One county moves toward full reliance on renewable energy
By Jim Algie
Oxford County has adopted plans to achieve 100 per cent renewable energy by 2050 for eight municipalities within this mainly rural and heavily agricultural region.
In its plans to date, the county has not relied on provincial policies that the new PC government now questions, said Peter Crockett, Oxford County’s chief administrative officer, in a recent interview. County council’s renewable energy commitment is part of the strategic plan that the group adopted during the term that was completed in 2018.
The county set three key goals in its FutureOxford Community Sustainability Plan: 100 per cent renewable energy, zero waste and zero poverty.
Through energy commitments, Oxford became the first municipality in Ontario – and only the second in Canada after Vancouver – to set the renewable energy goal.
Oxford County’s new waste management and education centre, which opened in June, has enough solar energy capacity to “completely offset its annual electricity use,” a Strategic Plan Progress Report for 2015-18 says. The site is also part of a county plan to extend the service life of waste management facilities to 2063, 20 years longer than initially anticipated.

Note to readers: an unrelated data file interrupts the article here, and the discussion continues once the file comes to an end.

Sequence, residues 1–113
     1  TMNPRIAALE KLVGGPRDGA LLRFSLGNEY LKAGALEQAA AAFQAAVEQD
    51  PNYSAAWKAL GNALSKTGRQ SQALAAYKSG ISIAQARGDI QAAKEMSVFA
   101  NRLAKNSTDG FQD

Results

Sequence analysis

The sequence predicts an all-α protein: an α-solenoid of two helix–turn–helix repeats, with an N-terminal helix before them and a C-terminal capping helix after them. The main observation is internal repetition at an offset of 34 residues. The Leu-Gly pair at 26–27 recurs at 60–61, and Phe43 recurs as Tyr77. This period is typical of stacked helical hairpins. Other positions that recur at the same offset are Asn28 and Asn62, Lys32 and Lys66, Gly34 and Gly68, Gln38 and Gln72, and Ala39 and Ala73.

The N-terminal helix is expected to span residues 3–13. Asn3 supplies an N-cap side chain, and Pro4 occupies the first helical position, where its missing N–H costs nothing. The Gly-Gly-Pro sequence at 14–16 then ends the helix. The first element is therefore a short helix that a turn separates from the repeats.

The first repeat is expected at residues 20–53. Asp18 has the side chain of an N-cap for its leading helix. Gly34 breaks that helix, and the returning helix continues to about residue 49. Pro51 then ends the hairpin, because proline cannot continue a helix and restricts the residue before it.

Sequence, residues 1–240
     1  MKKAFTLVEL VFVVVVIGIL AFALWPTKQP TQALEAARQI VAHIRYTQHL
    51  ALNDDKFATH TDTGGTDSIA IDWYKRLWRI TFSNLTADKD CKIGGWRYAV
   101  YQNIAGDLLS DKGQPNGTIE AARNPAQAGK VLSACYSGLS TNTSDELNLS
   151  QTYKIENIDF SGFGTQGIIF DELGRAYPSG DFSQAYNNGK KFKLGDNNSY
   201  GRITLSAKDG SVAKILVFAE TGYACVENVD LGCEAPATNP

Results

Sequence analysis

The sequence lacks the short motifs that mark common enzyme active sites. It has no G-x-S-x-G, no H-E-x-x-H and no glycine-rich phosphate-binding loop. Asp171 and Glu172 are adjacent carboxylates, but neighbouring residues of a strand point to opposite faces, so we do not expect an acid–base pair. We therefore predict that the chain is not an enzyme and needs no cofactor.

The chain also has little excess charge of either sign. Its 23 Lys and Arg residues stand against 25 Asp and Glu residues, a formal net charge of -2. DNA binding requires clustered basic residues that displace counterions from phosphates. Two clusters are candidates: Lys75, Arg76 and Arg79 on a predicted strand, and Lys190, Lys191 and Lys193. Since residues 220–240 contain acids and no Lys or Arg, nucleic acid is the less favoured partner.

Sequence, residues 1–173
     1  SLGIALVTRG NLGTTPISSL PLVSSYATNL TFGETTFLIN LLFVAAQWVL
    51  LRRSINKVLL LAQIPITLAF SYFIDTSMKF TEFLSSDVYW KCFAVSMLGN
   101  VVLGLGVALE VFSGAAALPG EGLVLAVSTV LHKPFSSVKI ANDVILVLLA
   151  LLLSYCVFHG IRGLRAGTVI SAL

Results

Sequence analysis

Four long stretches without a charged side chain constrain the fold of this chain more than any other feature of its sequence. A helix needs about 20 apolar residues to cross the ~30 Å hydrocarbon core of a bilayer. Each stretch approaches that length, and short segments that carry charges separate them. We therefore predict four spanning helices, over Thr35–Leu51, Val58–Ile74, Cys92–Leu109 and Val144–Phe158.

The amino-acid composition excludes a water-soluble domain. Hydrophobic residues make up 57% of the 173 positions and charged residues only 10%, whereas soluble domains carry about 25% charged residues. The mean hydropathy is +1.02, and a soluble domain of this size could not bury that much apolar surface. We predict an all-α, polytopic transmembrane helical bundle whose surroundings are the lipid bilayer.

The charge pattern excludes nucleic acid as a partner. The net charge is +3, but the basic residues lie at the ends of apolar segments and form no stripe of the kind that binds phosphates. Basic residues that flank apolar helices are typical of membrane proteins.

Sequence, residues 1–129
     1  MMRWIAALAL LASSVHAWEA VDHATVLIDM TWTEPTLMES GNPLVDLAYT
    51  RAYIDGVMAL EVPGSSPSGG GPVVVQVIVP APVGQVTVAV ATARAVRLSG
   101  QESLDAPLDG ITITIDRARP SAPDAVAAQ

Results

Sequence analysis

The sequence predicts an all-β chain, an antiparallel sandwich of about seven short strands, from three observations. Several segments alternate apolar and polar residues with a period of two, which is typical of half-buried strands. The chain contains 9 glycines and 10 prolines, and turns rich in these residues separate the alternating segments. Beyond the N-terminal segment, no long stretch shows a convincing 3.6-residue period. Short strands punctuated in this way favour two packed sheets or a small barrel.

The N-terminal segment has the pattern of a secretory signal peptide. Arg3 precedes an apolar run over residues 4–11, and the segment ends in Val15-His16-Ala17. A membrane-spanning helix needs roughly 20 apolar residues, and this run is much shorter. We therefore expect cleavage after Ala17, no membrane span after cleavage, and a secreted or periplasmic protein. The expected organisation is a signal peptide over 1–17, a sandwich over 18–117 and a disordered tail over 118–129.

The county did use provincial incentives to help install electric-vehicle-charging stations in Woodstock, Ingersoll, Tillsonburg and Thamesford and at some county works facilities, Crockett said.
“I guess the key thing is we haven’t been reliant on the extra funding” from the province, he said. “We’ve put in almost a megawatt of renewable energy and infrastructure in our system, and well over half of that is outside of any FIT (feed-in-tariff) contracts.”
The term feed-in-tariff refers to provincial government electricity purchase agreements. They financed a lot of renewable energy development under former Liberal governments.
“We believe there’s a strong business case – not just an environmental reason, but a business case – for solar energy,” Crockett said.
“We’ve adopted a couple of zeros,” he said. “One is zero waste, another is zero poverty, and the (third) is 100 per cent renewable ... They are the right things to do, and saying we’re going to get partway there really doesn’t cut it.
“Our goals are aspirational and ... it’s going to take a long time to get there.
“We didn’t get here as a society overnight, so the real issue and the strategic vision is incrementally chipping away and hopefully making great strides,” he added. BF